Unfortunately, scams continue to be on the rise and there are no red flashing lights that precede a scam – but if you pay attention, there are clues that you are seeing a scam.
To help recognize scams, the IRS puts out a Dirty Dozen Scam Alert each year. Following are some highlights from their 2021 Dirty Dozen.
- Telephone calls, text messages or emails are used by identity thieves to convince the person that they need to provide Social Security numbers, bank account or credit card information or passwords. Often, criminals pose as someone the person knows. NEVER, EVER give personal information over the phone.
- Phishing scams can be tricky and cleverly disguised to look like they are coming from the IRS or someone the person knows. They may promise a big refund, a missing stimulus payment or even a tax threat. NEVER click on or open attachments or links in these emails.
- Always look at the complete address. We received an email from Kat Meissner; but the email address was firstname.lastname@example.org – clearly not me!
- If you receive a phone call out of the blue, security experts recommend asking questions of the caller such as, who is your supervisor, what office are you located out of, what is your ID#; but do not give them any information. We recommend you simply hang up – immediately!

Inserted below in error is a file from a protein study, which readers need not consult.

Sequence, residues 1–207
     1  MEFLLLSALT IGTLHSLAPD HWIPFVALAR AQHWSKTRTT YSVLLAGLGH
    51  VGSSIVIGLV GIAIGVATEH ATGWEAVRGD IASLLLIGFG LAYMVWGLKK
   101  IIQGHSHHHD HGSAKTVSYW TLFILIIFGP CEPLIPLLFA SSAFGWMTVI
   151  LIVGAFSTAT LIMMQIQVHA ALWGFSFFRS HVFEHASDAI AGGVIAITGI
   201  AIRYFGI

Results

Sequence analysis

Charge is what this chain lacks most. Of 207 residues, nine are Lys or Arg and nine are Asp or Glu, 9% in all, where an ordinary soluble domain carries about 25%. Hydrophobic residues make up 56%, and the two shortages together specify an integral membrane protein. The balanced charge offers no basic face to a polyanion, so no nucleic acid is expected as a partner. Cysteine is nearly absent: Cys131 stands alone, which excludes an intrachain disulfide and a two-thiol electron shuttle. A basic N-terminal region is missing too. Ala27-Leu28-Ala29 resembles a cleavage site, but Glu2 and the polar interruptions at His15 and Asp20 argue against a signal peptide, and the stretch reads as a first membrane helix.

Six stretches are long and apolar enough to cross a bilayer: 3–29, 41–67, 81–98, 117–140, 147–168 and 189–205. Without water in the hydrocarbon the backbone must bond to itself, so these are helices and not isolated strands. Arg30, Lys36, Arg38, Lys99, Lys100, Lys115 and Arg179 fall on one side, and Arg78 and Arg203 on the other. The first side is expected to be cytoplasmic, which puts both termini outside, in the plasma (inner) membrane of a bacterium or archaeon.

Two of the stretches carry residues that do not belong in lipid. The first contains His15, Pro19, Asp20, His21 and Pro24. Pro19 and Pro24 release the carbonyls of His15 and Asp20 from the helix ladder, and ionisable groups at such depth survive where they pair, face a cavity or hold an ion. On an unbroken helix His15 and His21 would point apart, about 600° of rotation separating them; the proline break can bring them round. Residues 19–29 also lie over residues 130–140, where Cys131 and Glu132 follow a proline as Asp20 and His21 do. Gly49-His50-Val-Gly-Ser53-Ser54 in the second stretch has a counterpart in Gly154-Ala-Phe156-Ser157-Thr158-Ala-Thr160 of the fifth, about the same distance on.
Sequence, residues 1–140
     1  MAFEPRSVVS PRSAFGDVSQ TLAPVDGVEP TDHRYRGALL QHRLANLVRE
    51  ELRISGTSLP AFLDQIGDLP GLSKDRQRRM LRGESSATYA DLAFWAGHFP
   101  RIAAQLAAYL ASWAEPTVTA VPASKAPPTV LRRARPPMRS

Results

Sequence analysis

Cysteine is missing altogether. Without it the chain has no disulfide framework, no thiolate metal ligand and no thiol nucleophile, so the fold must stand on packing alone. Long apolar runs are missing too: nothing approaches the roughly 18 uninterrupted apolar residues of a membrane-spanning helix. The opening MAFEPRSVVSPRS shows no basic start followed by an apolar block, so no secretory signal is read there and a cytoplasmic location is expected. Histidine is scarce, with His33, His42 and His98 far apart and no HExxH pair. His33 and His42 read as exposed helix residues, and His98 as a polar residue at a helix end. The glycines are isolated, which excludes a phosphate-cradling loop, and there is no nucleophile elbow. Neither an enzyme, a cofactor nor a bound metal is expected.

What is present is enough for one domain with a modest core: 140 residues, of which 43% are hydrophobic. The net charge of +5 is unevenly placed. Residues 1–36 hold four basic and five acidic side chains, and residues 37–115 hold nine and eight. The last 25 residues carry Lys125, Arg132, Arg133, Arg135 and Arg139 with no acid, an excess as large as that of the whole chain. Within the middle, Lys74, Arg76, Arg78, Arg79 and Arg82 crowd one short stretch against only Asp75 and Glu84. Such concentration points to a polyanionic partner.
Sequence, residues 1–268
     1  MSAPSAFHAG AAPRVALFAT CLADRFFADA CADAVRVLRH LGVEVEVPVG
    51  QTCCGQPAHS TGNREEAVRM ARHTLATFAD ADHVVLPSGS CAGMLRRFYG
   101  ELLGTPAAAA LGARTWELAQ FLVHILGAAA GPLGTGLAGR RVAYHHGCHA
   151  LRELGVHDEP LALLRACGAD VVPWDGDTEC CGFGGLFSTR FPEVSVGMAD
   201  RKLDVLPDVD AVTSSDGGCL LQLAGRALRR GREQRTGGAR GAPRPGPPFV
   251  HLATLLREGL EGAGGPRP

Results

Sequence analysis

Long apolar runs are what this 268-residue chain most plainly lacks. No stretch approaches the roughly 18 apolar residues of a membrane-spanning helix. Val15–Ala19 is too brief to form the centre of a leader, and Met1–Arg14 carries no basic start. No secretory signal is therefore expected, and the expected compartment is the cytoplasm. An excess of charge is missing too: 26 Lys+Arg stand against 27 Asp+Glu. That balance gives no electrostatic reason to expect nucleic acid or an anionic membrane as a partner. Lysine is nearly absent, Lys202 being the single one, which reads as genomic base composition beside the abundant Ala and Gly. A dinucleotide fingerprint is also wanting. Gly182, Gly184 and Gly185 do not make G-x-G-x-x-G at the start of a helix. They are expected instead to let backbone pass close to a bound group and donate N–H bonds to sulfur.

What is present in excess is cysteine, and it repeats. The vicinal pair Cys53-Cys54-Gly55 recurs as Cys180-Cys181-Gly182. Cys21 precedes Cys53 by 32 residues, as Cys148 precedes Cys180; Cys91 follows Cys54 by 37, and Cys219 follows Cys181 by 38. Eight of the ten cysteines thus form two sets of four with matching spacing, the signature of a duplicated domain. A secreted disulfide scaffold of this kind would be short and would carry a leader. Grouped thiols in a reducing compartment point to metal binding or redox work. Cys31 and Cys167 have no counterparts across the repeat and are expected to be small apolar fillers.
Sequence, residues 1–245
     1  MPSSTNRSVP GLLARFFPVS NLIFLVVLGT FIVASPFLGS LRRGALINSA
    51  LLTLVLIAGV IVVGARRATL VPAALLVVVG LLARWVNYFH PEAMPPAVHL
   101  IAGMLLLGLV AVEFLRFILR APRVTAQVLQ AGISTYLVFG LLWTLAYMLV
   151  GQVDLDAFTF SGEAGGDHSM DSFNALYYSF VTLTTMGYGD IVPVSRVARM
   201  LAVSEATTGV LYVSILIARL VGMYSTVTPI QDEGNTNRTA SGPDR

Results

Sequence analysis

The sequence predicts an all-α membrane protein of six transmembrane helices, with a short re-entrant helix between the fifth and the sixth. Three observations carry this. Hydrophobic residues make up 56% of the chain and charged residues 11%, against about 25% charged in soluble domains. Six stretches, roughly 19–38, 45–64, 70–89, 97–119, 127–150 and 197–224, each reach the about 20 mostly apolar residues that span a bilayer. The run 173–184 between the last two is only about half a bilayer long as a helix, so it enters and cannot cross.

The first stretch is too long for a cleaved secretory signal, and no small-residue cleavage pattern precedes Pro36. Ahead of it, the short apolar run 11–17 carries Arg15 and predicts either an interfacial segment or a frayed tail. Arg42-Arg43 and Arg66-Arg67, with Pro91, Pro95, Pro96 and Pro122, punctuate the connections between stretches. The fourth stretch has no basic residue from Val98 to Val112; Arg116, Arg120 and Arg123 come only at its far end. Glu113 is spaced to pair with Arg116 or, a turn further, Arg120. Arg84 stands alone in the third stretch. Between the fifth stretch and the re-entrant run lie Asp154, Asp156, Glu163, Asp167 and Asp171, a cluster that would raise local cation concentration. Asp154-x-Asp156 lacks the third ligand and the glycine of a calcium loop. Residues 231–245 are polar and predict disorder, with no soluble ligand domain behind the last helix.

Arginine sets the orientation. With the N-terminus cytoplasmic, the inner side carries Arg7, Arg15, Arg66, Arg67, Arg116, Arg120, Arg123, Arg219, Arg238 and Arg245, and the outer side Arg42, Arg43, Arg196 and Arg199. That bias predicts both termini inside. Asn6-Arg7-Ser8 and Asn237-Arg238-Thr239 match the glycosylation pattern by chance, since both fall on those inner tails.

- Social media scams are also on the rise as the cons may send emails, messages, etc. impersonating the victim’s family, friends and co-workers.
- ALL OF YOUR INFORMATION that is on social media platforms can be collected and used against you! One way to prevent these scams is to review your privacy settings often and limit what is publicly shared.
- If you do click on something and strange things start to show up on your computer screen, take a picture of the screen with your phone and unplug the computer immediately. Do not turn it back on until you’ve taken it to an IT person to scan and remove any viruses.